The Michigan Engineer News Center

Barb Rice receives U-M Distinguished Research Administrator Award

Without exception, those who work with Ms. Rice appreciate her knowledge, cheerfulness, helpfulness, and attention to detail.| Short Read
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“If you want to have something done right when it comes to finances, operations, administration, coordination, give it to Barb Rice!” stated Schlumberger Professor of Engineering and Chair of Electrical and Computer Engineering Khalil Najafi.

For her sustained excellence throughout her career at U-M, Barb Rice, Senior Research Administrator for the Solid-State Electronics Laboratory (SSEL), the NSF Center for Wireless Integrated Microsystems (WIMS), the National Nanofabrication Infrastructure Network (NNIN) and the Lurie Nanofabrication Facility (LNF), has been selected to receive a 2009 Distinguished Research Administrator Award from the Office of the Vice President for Research.

Barb joined the Department of Electrical Engineering and Computer Science (EECS) in 1994. She manages a truly astonishing number of financial accounts, as well as a myriad of other responsibilities including students and staff. In just the past 5 years, she managed 2 facility moves of the WIMS Center and oversaw the financial aspects of the new LNF facility, which has recently been brought on-line.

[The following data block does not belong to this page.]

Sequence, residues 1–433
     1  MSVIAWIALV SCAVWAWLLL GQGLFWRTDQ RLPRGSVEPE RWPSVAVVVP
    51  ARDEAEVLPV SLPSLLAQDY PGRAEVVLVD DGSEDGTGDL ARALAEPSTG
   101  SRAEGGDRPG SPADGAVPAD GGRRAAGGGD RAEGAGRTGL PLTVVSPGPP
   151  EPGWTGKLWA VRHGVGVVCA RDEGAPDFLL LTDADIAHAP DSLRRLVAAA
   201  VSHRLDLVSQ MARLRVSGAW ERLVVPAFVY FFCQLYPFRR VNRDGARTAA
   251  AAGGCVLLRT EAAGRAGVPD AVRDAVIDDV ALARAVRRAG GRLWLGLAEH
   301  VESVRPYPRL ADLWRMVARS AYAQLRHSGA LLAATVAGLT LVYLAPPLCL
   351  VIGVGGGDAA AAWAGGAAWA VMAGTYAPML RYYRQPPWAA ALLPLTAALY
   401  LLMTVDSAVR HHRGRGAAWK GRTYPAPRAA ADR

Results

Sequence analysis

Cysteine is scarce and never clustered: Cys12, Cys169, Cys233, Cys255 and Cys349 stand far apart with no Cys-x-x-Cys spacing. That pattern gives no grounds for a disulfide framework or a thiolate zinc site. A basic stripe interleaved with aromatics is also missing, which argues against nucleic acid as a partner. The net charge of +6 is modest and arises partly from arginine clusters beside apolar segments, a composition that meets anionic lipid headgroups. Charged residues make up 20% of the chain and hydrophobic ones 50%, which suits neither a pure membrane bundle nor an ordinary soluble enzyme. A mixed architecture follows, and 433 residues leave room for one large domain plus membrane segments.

In addition to her primary responsibilities, she has offered her service and expertise on numerous University and national teams and committees, including the Research Administrators Network (RAN) Planning Committee, the Industrial Sponsors Training Program Pilot Team, the Office of Contract Administration Task Team, and the NSF Administrative Directors Consultancy Team, among other committees.

Without exception, those who work with Ms. Rice appreciate her knowledge, cheerfulness, helpfulness, and attention to detail.

The Distinguished Research Administrator Award honors individuals from any unit at the university who have demonstrated distinguished service exemplifying the goals of professional research administration.

Barb will be honored with the Distinguished Research Administrator Award at a public ceremony in the Michigan League’s Vandenberg Room from 3:30-5 p.m. May 7. The awards presentation is at 4 p.m.

University Record Announcement

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Portrait of Catharine June


Catharine June
ECE Communications and Marketing Manager

Electrical Engineering and Computer Science

(734) 936-2965

3301 EECS

The electrons absorb laser light and set up “momentum combs” (the hills) spanning the energy valleys within the material (the red line). When the electrons have an energy allowed by the quantum mechanical structure of the material—and also touch the edge of the valley—they emit light. This is why some teeth of the combs are bright and some are dark. By measuring the emitted light and precisely locating its source, the research mapped out the energy valleys in a 2D crystal of tungsten diselenide. Credit: Markus Borsch, Quantum Science Theory Lab, University of Michigan.

Mapping quantum structures with light to unlock their capabilities

Rather than installing new “2D” semiconductors in devices to see what they can do, this new method puts them through their paces with lasers and light detectors. | Medium Read